He says that it is still a male-dominated society and the same is true in business.
But a Trustee of the Japan Society disagreed: “Foreign females can have a good advantage in Japan, and things are improving for Japanese females in business," she said.
Hong Kong Is The Most Important Market In Asia
David says that the use of the English language and relatively low taxes attract internationals to Hong Kong. “It’s a very attractive place to do businesses,” he said. “It’s easy to set up in the city, and there is little interference from mainland China.
“There is a good equity market for listings and many foreign companies, such as Prada, decide to list there. Hong Kong is well situated geographically, with good transport links.”
There is increasing competition with Shanghai and both cities are fighting to become the best international trading centres for Asia.
“There is a major rivalry with Shanghai, but Hong Kong is much more international than other finance centres in Asia,” David said. “There’s also a game of Ping-Pong between Hong Kong and Singapore; I’ve known companies whose operations have continuously moved between the two countries. It’s tit-for-tat.”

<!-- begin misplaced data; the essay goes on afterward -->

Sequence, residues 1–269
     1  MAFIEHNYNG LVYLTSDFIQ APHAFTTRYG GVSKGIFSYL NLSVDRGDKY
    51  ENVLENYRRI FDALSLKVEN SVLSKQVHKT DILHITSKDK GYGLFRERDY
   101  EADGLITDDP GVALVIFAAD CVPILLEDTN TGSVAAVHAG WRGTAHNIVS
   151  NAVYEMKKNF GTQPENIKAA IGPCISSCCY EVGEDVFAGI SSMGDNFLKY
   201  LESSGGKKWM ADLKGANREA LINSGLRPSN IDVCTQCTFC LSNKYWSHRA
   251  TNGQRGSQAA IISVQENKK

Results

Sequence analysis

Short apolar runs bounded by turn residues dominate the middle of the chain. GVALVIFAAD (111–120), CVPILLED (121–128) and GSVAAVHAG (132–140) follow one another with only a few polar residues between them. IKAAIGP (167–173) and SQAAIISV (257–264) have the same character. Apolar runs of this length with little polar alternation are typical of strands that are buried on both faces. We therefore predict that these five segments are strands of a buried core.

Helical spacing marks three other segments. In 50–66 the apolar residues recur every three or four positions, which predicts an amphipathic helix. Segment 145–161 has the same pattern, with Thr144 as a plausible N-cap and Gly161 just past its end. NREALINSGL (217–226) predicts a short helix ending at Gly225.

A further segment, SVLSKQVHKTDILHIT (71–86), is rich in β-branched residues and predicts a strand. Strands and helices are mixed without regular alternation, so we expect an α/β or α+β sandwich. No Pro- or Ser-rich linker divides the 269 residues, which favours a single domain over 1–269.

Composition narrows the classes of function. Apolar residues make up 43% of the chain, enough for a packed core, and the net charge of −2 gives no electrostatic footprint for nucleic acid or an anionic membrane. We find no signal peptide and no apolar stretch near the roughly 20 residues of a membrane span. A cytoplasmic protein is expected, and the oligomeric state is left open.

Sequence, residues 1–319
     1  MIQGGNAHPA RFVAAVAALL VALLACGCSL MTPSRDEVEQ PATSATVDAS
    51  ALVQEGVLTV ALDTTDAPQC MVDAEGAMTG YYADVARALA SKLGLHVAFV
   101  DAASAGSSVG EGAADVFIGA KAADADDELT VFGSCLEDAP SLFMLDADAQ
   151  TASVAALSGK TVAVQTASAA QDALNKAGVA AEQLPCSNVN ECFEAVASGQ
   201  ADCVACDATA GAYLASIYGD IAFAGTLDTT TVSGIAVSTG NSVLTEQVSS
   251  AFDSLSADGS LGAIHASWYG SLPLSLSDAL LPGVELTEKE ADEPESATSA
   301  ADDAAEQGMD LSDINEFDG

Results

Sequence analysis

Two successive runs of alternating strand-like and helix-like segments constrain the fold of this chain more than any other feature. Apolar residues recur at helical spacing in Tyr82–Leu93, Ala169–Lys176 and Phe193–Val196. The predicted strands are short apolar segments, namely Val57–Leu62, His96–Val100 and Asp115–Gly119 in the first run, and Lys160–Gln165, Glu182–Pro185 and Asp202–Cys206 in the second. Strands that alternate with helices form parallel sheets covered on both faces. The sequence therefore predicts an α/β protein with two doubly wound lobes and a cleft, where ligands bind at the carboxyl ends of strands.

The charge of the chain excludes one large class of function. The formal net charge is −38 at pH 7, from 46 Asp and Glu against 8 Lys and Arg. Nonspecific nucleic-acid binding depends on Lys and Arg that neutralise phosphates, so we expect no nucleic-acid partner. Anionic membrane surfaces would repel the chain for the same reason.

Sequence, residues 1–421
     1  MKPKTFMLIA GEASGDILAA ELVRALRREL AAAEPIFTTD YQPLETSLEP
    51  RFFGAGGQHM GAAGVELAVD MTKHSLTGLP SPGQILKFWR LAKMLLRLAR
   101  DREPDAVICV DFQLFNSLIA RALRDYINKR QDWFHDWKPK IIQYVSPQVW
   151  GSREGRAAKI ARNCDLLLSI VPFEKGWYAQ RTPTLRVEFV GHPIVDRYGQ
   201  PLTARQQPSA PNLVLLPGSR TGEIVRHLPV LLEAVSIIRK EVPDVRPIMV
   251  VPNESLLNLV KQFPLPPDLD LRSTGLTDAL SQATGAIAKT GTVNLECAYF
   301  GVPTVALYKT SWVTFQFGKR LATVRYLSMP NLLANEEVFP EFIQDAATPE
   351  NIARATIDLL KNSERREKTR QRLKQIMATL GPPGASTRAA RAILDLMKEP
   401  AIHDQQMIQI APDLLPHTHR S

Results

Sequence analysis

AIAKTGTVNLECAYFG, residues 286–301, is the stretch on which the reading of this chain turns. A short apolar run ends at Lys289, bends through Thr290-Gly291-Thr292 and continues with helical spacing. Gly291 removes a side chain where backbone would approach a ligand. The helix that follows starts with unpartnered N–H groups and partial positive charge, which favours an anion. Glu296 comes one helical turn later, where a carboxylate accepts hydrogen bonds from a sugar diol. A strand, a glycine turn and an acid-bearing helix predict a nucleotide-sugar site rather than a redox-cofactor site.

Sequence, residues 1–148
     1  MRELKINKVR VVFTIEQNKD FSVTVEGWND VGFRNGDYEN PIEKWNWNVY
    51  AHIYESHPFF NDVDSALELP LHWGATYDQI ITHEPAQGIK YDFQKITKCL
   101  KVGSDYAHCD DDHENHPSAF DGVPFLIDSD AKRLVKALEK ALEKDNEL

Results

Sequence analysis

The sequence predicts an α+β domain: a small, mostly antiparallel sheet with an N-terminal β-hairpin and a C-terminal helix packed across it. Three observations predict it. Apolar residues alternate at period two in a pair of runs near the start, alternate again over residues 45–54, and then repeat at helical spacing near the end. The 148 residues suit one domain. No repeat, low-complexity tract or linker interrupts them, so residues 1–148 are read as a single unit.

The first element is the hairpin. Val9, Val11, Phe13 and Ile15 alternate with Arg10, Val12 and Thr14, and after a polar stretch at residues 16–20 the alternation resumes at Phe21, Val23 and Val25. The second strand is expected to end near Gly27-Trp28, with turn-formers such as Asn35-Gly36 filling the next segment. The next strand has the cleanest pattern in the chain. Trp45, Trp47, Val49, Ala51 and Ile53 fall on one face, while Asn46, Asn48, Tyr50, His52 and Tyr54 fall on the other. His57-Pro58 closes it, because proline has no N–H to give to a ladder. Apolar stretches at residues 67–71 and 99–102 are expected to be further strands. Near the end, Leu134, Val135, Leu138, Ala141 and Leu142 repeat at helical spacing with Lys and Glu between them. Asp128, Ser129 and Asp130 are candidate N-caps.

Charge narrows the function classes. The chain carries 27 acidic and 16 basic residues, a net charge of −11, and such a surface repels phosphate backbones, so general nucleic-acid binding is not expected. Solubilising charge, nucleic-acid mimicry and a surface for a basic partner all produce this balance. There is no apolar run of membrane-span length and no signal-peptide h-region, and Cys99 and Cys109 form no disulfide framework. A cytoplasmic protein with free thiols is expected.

Mainland China Is The Prize That Every Bank Wants To Win
Despite Hong Kong vying to become the largest finance centre in the world, Beijing and Shanghai in Mainland China are “prizes” sought by every financial instituion. “The Chinese economy will probably become the largest in the world,” said David.
“But they exact a very high price from foreigners operating in china. Everyone wants to be in China and the authorities know it, so the price is high.”
David says that a Chinese partner is advised, but also required by law. You do not need to bring in expats to start a business. “If you do, my advice is to bring people of Chinese ethnicity, rather than brash Americans or ‘cockney’ traders from the UK,” he said.
Singapore Is One Of The Best Countries For Private Banking
There is a low tax rate and the quality of life is high in Singapore. But there is zero-tolerance on personal miss-behaviour and “severe” punishment for offences. Regulation is tough but fair, David added.
Switzerland may have been regarded as the leader in private banking, but not anymore. “The centre of gravity has moved to Singapore,” he said. “The asset base in Singapore generates a large volume of genuine, wholesale financial transactions.
“Singapore’s market is unique; normally, ninety per cent of all trading volume is speculative, but in Singapore the volume of genuine business is higher than any other centres because of the growth of private banking assets there.”
Business In India Was ‘A Nightmare’
David said that doing business in India was, in his personal experience, a “bureaucratic nightmare”. “Every attempt to open businesses in India is frustrated by a bizarre set of rules that make little sense,” he said.
But an alumnus of the Indian School of Business disagreed. “India has a huge population, but it is young,” said the ISB MBA. “You have a large pool of customers ready to buy services for your businesses.
“At ISB, over four-hundred companies recruit from our campuses. The top-five companies from all sectors come to our campus to recruit. It gives you huge opportunity (to begin a career).”